Massimo Motors has expanded its line of UTVs with new Warriors, including the Warrior MXU with heat and air conditioning tested in our December 2019 issue. We’ll be testing the all-new Warrior 1000 MXU Crew soon, and Massimo also has an all-new T-Boss 750 for 2020. It delivers 42 horsepower at a price equal to the Polaris Ranger full-size 570, and it has a lot more standard features than the Ranger. Massimo also introduces the 750X Golf, which replaces the tilt bed with rear-facing seats for getting a foursome to the next hole quickly. Here’s the T-Boss 750 for your zooting pleasure.
HOW DOES COST COMPARE?
The T-Boss 750 is $10,499, while the 550F is $9,499. Cub Cadet’s Challenger MX 750 is $12,699. Hisun’s Sector 750 EPS is $11,499. The Polaris Ranger 570 is $10,199, and the full-size 570 is $10,499. The Ranger 1000 is $12,999. Can-am’s Defender HD8 starts at $12,199. Massimo also has the more utility-styled T-Boss 500 for $7,999 and the T-Boss 410X for $6,799.
WHAT EXTRAS ARE STANDARD EQUIPMENT?
The T-Boss 750 comes with EPS, a roof, 4,500-pound winch, two-tone color-matched aluminum wheels, folding windshield, side mirrors, turn signals, nerf bars, parking brake, side nets, LED headlights and taillights, 2-inch receiver, and camo bodywork if you want it. The T-Boss 750 also has a center console that folds down for an armrest and cup holders when carrying one or less passengers.
HOW IS THE T-BOSS POWER?
It’s peppy! The 694cc single has decent acceleration, but not what we call yank. It will drift into corners and carry the slide on looser surfaces, but not when there is a lot of traction. We got 52 mph out of it, which is more than any Yamaha Rhino.
WHAT ABOUT THE DELIVERY?
It’s smooth. EFI and CVT response are paired well, so it’s easy to modulate in difficult terrain. Low range is pretty high, and the dash-mounted range selector is slick. The T-Boss has the exact 2WD/4WD/diff-lock switch as a Yamaha Rhino, plus an unlocking rear diff. It has great compression braking for hills and setting up drifts.
HOW DOES THE T-BOSS HANDLE?
It’s agile yet predictable. The short 72-inch wheelbase and great EPS assist make it snake through tight turns, and it’s pretty stable at speed. It’s only 57 inches wide, so you can’t slam it into turns like you would a 60- or 64-inch UTV or it will bicycle. The 27-inch Sun-F tires are like Bighorn 2.0s and deliver decent traction.
WHAT ABOUT THE SUSPENSION?
It’s tuned pretty well. There is only 8.5 inches of travel, which is more than a Rhino and about equal with the Teryx 800 in action. It delivers a decent ride quality on trail garbage and is fairly resistant to bottoming. The shocks are only preload adjustable, and there is no torsion bar, front or rear.
HOW IS IT IN MUD AND ROCKS?
It’s capable in both. The locking front diff helps it claw through, but it high-centers in mud ruts deeper than 10 inches. The fenders protect well, but there are no doors to keep flung mud out. Rocks are a better fit, as the T-Boss has plenty of torque and traction for most obstacles. The A-arm front and rear guards help it slide over rocks, and the nerf bars protect the bodywork.
HOW STRONG ARE THE BRAKES?
Pretty strong. Dual-piston front and single-piston rear calipers squeeze perforated rotors, so they’re steady in mud and water. The brakes are backed by great compression braking and a dash-mounted parking brake.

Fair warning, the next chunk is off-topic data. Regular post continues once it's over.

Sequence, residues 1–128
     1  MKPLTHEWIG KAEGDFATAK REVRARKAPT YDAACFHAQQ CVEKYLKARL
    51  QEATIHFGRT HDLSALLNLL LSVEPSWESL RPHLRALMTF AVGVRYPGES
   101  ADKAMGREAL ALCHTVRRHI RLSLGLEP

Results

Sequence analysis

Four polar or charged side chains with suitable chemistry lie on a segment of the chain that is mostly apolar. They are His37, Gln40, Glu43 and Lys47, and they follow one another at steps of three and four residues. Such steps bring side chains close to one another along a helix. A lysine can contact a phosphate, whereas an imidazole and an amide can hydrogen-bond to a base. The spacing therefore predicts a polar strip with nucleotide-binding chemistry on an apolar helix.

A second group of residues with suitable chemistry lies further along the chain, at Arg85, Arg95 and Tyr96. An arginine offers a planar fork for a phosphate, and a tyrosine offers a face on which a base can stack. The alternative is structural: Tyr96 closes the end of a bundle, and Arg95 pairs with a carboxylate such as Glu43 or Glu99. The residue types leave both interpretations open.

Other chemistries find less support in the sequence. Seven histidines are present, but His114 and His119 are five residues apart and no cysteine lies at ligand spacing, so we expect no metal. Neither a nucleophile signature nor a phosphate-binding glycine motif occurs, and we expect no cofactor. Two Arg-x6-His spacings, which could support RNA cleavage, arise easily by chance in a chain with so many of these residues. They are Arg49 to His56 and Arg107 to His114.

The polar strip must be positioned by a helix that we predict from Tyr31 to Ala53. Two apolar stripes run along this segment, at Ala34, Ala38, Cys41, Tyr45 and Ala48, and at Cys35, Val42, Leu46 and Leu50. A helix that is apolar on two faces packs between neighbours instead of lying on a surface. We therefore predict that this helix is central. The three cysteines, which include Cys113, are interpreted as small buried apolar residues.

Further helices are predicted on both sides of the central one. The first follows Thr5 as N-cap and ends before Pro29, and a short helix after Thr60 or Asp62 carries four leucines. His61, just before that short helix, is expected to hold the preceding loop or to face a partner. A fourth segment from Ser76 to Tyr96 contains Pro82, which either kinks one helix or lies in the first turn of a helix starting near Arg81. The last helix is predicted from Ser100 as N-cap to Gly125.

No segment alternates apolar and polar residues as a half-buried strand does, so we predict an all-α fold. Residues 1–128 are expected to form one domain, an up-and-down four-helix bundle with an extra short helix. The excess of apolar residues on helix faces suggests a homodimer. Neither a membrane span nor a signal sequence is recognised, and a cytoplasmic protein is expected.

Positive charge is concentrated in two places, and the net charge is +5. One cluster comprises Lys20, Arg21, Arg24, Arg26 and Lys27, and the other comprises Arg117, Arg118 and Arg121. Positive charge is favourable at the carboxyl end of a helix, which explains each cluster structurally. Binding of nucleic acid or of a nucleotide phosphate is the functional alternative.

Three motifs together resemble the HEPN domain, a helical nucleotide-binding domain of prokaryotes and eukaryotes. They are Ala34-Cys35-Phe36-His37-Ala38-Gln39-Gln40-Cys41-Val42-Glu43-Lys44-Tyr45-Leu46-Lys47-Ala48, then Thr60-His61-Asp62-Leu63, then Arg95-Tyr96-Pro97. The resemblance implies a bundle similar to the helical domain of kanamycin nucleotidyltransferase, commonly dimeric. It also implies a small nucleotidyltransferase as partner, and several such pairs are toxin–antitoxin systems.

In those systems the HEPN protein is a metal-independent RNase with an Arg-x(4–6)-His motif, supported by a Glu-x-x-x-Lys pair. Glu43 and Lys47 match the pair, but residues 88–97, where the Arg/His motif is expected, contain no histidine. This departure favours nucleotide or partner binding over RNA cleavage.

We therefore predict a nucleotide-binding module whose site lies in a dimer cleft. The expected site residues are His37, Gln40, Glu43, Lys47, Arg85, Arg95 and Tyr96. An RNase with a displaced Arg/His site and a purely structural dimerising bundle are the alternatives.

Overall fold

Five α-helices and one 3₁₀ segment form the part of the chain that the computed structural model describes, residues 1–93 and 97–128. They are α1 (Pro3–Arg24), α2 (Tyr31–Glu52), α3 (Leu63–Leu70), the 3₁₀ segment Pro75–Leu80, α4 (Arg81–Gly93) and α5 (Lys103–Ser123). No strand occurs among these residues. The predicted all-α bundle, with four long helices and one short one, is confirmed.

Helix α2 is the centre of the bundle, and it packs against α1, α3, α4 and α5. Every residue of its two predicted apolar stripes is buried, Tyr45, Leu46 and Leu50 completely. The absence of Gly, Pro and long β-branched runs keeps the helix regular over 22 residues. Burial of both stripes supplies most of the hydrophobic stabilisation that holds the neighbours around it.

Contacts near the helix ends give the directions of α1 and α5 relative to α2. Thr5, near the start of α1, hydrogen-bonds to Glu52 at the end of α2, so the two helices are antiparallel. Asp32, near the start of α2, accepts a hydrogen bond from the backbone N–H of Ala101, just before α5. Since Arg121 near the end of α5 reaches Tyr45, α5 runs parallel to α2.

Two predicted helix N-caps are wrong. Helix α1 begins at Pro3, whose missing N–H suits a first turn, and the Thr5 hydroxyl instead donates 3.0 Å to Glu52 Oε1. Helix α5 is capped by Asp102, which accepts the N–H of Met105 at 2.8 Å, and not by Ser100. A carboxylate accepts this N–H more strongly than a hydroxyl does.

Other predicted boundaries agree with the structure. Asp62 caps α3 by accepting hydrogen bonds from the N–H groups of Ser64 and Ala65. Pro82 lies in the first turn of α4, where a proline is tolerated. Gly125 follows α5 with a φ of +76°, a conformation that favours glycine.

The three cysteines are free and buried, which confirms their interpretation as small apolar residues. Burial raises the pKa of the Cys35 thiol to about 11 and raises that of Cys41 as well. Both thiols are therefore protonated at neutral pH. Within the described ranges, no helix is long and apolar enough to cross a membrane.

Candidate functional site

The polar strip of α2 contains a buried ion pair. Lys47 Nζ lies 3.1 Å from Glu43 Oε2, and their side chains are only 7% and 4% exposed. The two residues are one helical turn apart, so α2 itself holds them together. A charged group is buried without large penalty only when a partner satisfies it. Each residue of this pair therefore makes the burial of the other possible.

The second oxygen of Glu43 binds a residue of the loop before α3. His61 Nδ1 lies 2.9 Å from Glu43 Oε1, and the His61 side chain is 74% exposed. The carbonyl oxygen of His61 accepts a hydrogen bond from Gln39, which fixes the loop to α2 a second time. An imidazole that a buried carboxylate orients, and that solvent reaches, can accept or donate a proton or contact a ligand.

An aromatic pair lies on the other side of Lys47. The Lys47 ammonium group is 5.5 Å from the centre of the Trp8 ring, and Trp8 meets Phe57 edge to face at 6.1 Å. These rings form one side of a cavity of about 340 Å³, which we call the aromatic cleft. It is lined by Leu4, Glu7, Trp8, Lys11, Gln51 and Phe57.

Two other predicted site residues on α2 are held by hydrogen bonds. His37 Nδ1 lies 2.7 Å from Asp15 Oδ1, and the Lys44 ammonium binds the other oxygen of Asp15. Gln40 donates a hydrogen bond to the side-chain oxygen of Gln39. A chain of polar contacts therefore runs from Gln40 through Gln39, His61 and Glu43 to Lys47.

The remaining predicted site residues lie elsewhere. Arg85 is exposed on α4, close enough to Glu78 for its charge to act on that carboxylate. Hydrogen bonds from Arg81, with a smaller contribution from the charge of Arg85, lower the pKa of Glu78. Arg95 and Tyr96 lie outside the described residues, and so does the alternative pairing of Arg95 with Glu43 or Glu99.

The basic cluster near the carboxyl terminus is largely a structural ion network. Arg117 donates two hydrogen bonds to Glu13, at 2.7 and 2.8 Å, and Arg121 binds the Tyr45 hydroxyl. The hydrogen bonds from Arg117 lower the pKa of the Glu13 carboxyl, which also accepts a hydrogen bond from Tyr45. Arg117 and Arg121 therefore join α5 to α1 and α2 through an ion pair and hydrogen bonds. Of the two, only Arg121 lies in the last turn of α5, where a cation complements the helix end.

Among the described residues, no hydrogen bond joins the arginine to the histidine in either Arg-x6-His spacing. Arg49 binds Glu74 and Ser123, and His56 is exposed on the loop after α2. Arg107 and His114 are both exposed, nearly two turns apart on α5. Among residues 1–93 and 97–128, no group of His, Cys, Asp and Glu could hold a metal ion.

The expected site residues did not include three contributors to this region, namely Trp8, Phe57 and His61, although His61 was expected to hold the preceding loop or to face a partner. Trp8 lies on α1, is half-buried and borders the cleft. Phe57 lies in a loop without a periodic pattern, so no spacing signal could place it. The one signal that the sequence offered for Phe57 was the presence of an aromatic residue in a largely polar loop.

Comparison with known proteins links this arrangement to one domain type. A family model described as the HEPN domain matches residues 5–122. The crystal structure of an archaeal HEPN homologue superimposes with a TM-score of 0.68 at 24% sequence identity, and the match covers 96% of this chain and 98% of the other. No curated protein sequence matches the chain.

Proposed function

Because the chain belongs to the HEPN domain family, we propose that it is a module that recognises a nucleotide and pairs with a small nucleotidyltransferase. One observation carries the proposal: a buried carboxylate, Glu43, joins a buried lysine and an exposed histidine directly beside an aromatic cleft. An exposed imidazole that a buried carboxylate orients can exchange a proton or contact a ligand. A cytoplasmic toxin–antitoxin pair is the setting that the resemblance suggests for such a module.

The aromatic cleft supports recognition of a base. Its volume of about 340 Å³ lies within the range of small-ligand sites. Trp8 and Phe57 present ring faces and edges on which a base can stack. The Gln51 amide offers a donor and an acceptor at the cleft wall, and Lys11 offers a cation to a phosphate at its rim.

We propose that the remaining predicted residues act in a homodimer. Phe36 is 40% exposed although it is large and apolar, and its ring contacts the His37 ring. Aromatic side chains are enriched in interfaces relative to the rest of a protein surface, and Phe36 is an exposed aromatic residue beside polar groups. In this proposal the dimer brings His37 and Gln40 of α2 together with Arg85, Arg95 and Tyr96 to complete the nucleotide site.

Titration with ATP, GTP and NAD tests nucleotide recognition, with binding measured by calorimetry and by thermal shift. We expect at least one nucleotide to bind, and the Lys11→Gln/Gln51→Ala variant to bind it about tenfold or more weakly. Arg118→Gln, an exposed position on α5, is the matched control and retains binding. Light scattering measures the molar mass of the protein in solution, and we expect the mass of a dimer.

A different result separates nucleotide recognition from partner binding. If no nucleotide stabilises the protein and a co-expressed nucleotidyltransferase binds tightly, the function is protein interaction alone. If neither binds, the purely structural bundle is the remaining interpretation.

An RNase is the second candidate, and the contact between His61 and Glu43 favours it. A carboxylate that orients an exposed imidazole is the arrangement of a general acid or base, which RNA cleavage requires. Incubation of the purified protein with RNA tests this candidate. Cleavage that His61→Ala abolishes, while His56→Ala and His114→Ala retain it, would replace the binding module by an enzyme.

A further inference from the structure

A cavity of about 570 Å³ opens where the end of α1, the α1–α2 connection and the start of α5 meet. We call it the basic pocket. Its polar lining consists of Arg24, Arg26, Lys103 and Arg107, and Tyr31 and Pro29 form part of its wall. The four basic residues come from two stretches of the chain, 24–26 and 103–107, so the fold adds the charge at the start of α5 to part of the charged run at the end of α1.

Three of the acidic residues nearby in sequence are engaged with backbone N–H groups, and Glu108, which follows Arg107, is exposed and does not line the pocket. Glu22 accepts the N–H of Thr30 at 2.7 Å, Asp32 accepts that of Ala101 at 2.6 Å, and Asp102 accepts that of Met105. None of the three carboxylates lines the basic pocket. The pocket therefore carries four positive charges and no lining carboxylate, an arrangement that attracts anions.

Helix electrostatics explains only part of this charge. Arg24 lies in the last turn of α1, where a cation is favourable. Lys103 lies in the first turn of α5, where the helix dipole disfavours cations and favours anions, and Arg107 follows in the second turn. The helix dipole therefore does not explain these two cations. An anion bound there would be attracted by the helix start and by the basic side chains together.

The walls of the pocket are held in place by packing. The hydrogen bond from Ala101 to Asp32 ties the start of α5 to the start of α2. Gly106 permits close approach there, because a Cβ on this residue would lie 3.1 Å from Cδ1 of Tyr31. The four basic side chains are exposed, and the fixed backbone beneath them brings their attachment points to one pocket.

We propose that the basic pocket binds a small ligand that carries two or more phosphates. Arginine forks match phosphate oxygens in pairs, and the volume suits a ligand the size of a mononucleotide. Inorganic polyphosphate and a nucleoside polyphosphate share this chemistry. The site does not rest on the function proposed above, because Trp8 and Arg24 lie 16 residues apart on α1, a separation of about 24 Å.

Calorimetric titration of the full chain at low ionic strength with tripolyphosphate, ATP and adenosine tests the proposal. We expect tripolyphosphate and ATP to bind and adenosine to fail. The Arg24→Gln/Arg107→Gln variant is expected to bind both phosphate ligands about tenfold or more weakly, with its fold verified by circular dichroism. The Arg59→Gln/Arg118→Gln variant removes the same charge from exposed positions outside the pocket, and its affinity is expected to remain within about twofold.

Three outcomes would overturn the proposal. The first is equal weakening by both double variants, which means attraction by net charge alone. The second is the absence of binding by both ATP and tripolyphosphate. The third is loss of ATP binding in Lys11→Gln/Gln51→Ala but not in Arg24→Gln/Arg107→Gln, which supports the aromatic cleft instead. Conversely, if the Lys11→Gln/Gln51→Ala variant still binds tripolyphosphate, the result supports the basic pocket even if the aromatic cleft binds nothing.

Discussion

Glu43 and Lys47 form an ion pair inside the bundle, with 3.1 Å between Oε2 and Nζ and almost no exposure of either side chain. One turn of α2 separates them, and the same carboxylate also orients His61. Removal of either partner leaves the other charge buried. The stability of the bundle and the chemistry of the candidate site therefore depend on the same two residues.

WHAT ABOUT CREATURE COMFORTS?
There are plenty. The bench seat is comfortable for one to three people, and the center console is held up by magnets. The tilt steering wheel has over-molding, texture and thumb nubs. It tilts and has a stiff dampener cylinder, but it flexes some on big bumps. The digital dash is nice and tilts with the wheel. It has an analog tachometer needle and digital speedo and parameter readouts. The 750 has side nets and shoulder bolsters, and the nets use seat-belt latches for quick entrance and egress. The passenger panic bar is sculpted and over-molded as well. The glove box is large, and there are three more cubby holes, with one for radios and such. There are also five blanks for accessory switches.
WHAT IS OUR FINAL ANSWER?
While there are a lot of UTVs with more power, suspension and top speed, the fact is that not everyone is willing to pay $25,000 or more to get down the trail to their favorite fishing hole or hunting camp. The Massimo T-Boss 750 has a lot of standard features at a lower price than its competition, and it is a very capable trail machine that is street-legal in many states. It does everything pretty well and gives a lot of bang for the buck. Massimo even has a line of 12-volt E-coolers for the bed, starting at less than $300.
MASSIMO T-BOSS 750
Engine type Single cylinder, liquid cooled, 4-valve,
Bore x stroke 102mm x 85mm
Compression ratio 10.2:1
Lubrication system Wet sump
Additional cooling Auto fan
Starting procedure Turn ignition key
Choke location N/A
Type Fabric pre-filter and pleated paper filter
Access Tool-less, tilt seat forward and undo 4 clips
Transmission Dual-range CVT w/reverse
Reverse procedure Move range selector to “R”
Drive system Selectable 2WD/4WD w/front and
Final drives Shafts
Fuel capacity 6.9 gal.
Overall length/width/height 103.5”/57”/77.5”
Ground clearance 10”
Dry weight 999 lb.
Bed weight limit 400 lb.
Hitch 2” receiver
Towing limit 1,500 lb.
Frame Steel round tube
Front Dual A-arms w/preload adjustable shocks/8.5”
Rear Dual A-arms w/preload adjustable shocks/8.5”
Front Hydraulic discs/left-side pedal
Rear Hydraulic discs/left-side pedal
Parking Lever on console
DC outlet Console
Front 2 35W headlights
Rear LED brake/tail light
Instrumentation Analog & LCD digital multimeter
Colors Blue, red, white, green, orange, sand, camo
Minimum recommended operator age 16
Suggested retail price $10,499
Contact Massimo, (877) 881-6376,